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I am trying to add a logo to my PCB using Altium Designer 16.1 via "PCB Logo Creator" software. However it was not so neat. Do you have an idea to prepare better logo which would be taken from a photo or picture?

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  • \$\begingroup\$ Beware this can be a sticking point with vendors... you can easily end up with more data in the output trying to represent your logo than takes to actually represent the silkscreen or circuitry! \$\endgroup\$ – Chris Stratton Feb 26 at 22:47
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A bitmap image can be copied and pasted into Altium designer if it is a true 1-bit monochrome image. I normally use MS Paint. It is not too bad if you start with a massive image and then shrink it in Altium - you can re-size it in Altium after it has been pasted in.

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    \$\begingroup\$ One sometimes nice trick is to put the logo on the solder mask layer instead of the silk and place a copper pour under it, then if you are doing an ENIG board you get the logo in gold. Not appropriate everywhere, and a positively bad idea with OSP, but it looks good in the right place. \$\endgroup\$ – Dan Mills Jul 12 '17 at 10:53
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    \$\begingroup\$ To future googlers: If your logo is converted to multiple primitives: Right click -> Create union from selected objects then Right click -> Resize union \$\endgroup\$ – C K Aug 31 '18 at 6:32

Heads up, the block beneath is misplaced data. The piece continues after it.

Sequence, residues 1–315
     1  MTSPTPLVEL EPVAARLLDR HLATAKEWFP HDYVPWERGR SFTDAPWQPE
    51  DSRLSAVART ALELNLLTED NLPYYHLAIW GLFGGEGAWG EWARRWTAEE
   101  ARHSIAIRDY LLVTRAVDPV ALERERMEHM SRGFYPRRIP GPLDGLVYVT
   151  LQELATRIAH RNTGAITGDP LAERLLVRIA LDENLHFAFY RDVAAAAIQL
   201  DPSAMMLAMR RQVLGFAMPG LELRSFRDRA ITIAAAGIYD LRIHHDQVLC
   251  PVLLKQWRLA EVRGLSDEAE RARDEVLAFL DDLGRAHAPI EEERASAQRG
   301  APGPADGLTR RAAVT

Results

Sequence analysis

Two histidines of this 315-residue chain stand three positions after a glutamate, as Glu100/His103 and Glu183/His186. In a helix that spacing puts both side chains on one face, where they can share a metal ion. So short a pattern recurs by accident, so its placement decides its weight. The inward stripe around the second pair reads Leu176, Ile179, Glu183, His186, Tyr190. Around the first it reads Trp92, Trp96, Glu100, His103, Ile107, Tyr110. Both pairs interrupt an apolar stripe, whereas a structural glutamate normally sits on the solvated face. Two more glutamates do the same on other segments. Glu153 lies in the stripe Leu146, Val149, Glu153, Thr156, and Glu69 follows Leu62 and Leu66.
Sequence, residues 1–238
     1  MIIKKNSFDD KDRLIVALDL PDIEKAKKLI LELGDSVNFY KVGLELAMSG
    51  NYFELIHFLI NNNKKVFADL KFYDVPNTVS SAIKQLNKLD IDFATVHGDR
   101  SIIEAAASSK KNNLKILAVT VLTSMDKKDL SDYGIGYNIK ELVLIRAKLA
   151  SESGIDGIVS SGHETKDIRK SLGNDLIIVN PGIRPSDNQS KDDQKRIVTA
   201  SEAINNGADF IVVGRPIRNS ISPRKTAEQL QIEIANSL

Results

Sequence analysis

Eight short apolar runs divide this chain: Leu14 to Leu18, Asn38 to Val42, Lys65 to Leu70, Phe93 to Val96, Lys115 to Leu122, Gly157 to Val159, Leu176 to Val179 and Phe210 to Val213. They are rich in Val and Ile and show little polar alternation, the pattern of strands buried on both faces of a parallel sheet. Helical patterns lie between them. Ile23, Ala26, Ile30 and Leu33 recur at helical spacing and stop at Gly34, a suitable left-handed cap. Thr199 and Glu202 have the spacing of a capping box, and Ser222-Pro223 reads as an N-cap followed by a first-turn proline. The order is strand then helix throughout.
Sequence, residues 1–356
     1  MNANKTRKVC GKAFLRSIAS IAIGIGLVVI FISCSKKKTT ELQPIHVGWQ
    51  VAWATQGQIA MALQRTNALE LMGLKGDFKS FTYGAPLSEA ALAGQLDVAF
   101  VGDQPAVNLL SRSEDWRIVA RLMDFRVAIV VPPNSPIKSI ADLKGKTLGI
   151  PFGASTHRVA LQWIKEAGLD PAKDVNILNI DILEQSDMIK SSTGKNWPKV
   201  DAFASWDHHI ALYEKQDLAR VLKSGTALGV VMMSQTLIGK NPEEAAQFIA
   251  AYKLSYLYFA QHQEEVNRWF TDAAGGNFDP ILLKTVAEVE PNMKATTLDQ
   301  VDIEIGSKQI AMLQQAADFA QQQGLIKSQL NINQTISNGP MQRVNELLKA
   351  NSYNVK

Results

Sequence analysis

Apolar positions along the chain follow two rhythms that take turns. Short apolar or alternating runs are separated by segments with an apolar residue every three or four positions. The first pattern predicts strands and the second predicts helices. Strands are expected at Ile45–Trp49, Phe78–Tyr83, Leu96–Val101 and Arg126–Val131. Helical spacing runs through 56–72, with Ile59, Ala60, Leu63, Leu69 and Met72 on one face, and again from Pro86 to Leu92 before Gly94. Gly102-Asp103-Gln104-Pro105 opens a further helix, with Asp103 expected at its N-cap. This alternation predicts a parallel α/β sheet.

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If it's a black/white logo which can be rasterized, you can also go the "Font" way. Use a Font creator tool (e.g. FontCreator, costs a little) to create a Font with a single letter (you can easily import vector graphics); then, assign that logo to a letter (e.g. L); then install that font in Windows and use it in Altium;

This works for both Schematic and PCB with the added benefit that it doesn't blow up your PCB in size (which the bitmap option does).

Disadvantage: Wherever you want to have your logo displayed, you need that font installed.

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  • \$\begingroup\$ This is the best way to go (using a font). It scales to any size perfectly. Works in any application that supports true type fonts (providing a consistent look across all of your documentation), including Altium SCH/PCB, MS Office, and most anything else. Do this. \$\endgroup\$ – Chris Knudsen Jul 12 '17 at 14:05
  • \$\begingroup\$ I have done it, i really works. \$\endgroup\$ – layout789 Jul 12 '17 at 14:18
  • \$\begingroup\$ Ditto on creating your own font. This works perfect. Here is a free method I used to make mine: rafaltomal.com/how-to-create-and-use-your-own-icon-fonts \$\endgroup\$ – Joel Wigton Jul 13 '17 at 4:21
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If you have your logo in vector form, you should export it as dxf which Altium can import. Might not work well with pictures, but since most Logos also come in "simplified" vector forms, it might still be an option.

The procedure of creating a "solid" logo from the DXF lines is a bit lengthy, but very reliable and gives high quality results. Here it is:

  1. Import your dxf file (File>Import>DXF). Choose the correct units.
  2. Use the Inspector panel to set the line width of the DXF geometry to a very small value, e.g. 1 mil
  3. Draw a polygon pour around the shape (Place>Polygon pour), select pour over same net objects and disable removal of Islands. Set small values for neck width and arc approximation.
  4. Adjust the clearance for the polygon to the DXF lines to 0 by adding a specific design rule